Blocco 181 Series: Feminism in the Testosterone Bath (

Always resolute: if a man shows his feelings, they are usually of a bitter nature in the Milan prefab.

Photo: sky

The rite of initiation, viewers familiar with literature suspect that, at least since Musil’s book “The Confusions of the Pupil Torres” are rarely painless. Yet they are equally agonizing as in “Blocco 181” outside of male associations like the Bundeswehr only in the location of the sky drama of the same name: on the outskirts of a central European city, where native Italians and Latins have moved fighting over a few dilapidated blocks of houses as If it were kingdoms.

So here, not far from the posh neighborhoods and fashion shows of Milan, a boy is so brutally abused by six or seven thugs early in the season that one would intuitively want to intervene on screen – which, however, would not be in the interests of the apparent victim. Because Pulgo, it is said, is perfectly fine with his hitting, which someone counts as in a boxing match. After all, these are the rules in the ghetto.

Because he wants to belong to the gang called the Misas, Pulgo endures her elementary rituals without complaint, then even gets a rewarding kiss from the beautiful Bea, thus setting the tone for an eight-part novel that sometimes wants to be a thing for romantics, but certainly not for sensitive tempers. It is no coincidence that the bloodbath between the natives and immigrants in the northern Italian capital reminds us of a German version of similar brutality: the Giuseppe Caputundi series is clearly a remake of Marvin Crane’s Neukölln neighborhood tragedy “4 blocks”.

The visual and audio language of music video director Dario Bonamine is in no way inferior to the original. After all, Pulgo’s painful ticket to the underworld is just the beginning of an epic feud about power, love, money and prestige, which has more archetypes than the German one. Romeo and Juliet especially. As in Shakespeare’s late medieval Verona, in the late capitalist Milan Capotondi, two clans fight each other to the death, one from each clan no longer willing to play the game of primary rivalry.

Stubborn Pia (Laura Osma), sister of imprisoned Mesa chief Ricardo, falls in love with Italian merchant Ludo (Alessandro Biavani) and his friend Mehdi, a thorn in the side of Ricardo’s deputy Victor (Sergio Andrade) because he is the right-hand man of the block manager Rizzo (Alessio Praticò) and thus a rival In his living room. This is how Ménage-à-trois takes its course, which, despite all its aesthetic violence, is very exciting; Unlike Romeo and Juliet but much less retro.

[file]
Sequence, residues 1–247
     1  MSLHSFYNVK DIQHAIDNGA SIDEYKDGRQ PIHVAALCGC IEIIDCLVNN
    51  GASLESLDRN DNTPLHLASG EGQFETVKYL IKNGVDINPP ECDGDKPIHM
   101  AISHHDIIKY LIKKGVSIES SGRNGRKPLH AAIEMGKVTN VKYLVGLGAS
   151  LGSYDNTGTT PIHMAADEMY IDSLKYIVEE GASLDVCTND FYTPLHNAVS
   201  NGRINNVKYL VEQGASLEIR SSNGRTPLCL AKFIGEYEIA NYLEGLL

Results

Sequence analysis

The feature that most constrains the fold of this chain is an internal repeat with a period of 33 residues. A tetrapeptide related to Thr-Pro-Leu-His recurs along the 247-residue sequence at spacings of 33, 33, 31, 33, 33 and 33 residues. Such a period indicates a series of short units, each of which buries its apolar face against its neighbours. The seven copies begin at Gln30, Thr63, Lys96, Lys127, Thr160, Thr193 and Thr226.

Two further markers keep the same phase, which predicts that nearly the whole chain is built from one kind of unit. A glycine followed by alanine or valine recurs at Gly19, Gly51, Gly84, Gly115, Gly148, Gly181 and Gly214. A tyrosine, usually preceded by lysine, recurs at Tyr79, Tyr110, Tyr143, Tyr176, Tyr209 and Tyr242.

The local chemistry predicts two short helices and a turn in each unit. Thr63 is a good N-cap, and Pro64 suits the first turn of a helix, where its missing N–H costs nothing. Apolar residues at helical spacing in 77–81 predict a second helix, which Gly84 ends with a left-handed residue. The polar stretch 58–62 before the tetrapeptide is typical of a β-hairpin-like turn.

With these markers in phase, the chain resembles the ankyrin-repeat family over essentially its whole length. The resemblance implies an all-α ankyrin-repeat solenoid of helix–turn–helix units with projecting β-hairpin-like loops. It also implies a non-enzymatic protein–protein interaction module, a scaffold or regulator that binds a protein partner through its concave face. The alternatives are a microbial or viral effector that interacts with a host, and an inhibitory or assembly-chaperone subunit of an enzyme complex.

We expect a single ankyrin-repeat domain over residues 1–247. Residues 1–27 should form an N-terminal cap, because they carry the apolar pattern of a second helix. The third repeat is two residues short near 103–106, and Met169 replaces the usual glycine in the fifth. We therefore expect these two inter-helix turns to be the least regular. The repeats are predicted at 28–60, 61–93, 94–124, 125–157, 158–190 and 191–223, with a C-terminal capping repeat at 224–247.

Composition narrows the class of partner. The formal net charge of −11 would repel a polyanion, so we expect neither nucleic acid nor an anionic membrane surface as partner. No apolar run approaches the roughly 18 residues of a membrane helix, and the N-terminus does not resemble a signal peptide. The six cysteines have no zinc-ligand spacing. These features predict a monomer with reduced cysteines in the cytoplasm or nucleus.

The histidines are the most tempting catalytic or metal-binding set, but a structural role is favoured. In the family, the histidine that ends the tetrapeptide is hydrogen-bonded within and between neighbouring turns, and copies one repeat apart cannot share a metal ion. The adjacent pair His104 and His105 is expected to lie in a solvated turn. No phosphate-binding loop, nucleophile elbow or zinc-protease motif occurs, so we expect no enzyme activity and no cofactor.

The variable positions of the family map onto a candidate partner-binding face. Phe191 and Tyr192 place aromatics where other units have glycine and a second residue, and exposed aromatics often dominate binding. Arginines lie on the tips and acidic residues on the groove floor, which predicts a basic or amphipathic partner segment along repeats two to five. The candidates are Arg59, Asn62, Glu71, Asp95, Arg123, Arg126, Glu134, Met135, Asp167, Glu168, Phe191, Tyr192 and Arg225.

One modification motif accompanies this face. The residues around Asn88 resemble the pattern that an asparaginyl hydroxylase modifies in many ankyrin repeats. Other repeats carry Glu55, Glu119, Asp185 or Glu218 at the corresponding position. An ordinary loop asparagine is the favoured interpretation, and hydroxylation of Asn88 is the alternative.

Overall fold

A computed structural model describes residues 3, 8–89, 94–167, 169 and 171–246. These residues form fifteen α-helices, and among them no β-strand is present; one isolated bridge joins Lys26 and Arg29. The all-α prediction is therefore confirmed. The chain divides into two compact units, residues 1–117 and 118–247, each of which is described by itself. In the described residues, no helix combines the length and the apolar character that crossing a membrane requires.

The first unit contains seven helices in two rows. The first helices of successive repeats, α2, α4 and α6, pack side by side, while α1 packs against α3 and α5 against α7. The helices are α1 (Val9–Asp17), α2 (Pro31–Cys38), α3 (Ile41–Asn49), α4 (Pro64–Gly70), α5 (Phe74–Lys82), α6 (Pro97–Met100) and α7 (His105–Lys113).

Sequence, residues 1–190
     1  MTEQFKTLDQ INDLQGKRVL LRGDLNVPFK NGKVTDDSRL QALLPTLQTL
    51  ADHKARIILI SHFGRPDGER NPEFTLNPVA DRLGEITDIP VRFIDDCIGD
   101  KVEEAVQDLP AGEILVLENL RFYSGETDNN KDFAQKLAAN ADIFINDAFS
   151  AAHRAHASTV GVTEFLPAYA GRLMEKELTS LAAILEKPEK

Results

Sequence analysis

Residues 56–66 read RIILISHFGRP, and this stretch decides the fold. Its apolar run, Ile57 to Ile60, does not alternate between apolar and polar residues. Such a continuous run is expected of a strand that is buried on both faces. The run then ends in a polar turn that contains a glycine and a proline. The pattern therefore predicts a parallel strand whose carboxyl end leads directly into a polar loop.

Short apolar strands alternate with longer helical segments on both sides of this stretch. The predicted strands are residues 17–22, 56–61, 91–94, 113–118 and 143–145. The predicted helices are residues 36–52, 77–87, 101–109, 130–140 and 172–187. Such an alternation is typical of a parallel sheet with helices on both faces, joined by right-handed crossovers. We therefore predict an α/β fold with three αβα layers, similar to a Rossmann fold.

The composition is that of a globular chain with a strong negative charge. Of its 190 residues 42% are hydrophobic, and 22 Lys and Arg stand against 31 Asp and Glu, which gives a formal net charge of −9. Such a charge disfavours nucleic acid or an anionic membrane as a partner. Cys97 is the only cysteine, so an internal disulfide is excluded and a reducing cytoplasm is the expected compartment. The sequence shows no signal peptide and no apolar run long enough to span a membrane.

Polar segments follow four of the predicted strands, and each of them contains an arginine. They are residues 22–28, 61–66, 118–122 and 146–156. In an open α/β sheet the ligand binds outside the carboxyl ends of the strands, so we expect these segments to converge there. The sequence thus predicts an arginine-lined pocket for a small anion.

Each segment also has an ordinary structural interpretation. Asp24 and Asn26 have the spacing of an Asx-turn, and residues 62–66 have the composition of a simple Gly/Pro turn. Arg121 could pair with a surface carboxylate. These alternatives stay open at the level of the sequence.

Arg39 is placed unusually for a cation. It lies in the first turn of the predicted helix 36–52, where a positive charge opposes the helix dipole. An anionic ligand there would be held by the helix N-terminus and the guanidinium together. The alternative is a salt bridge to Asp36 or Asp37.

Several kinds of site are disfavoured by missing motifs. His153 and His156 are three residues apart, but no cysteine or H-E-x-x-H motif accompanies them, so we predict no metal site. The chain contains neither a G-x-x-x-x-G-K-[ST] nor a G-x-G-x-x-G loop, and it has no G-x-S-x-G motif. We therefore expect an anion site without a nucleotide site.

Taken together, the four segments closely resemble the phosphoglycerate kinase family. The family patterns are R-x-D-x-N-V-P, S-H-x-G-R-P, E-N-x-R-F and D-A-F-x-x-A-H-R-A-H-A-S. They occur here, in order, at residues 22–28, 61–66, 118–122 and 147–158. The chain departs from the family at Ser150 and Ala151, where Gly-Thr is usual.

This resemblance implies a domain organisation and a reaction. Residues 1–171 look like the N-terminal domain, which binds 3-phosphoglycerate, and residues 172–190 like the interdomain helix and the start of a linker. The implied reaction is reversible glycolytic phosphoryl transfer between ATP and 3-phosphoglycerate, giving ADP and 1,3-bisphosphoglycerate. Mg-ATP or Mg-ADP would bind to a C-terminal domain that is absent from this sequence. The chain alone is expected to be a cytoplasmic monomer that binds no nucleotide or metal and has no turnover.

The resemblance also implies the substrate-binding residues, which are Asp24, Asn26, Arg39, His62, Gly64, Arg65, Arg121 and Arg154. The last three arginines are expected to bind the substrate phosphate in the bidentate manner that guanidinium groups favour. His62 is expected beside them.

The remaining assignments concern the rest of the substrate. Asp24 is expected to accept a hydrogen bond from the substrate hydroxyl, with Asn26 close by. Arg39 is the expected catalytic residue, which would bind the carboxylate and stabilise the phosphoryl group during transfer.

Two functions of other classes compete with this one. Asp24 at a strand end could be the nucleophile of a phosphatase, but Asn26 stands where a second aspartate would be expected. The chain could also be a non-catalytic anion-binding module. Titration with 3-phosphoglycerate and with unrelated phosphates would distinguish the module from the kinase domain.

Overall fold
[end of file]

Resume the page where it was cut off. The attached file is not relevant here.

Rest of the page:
Aside from her remote visuals, Bea captures the female struggle for self-empowerment in a testosterone-infused environment. “Will your friend get angry if you dance with me?” Ludo asks at the end of the first part in the club. ‘No,’ replies Bea, ‘and you?’ Thanks to these dialogues, the extreme “Westside story” has become downright feminist for fans of soap operas that glorify violence, from “The Sopranos” to “Breaking Bad” and “Narcos.” At least to some extent.

Because even this social and cultural clash of subcultures celebrates masculinity almost continuously. Tattooed alpha males keep hitting each other with something until blood flows high over the statues of Madonna in every corner of Milan. Moreover, the soundtrack of Italian rapper Maurizio Pescoto aka Salmo, who, like fellow German Wassim Taha aka Massif, is allowed to shoot himself a bit in “4 Blocks”, sometimes “Blocco 181” into a loose sequence of raw hip-hop clips . It seems superficial, but it doesn’t matter.

With films like “The Burnt Orange Heresy,” longtime director Capotondi broke free from his music video past, not forgetting the quick sequence of cuts and beats. Despite and because of the cruelty on display, this makes “Blocco 181” a very interesting series for generations of MTV and Netflix alike — and also critical commentary on the revenge doctrine of revenge, swelling the fetish of masculinity from Putin to Urban. Trump can now save the post-championship era. And without giving too much: B isn’t the type of woman who ends up drinking a poisoned cup. It looks very modern for that. Anyway, more modern than the traditional upbringing ritual.

Available on Sky

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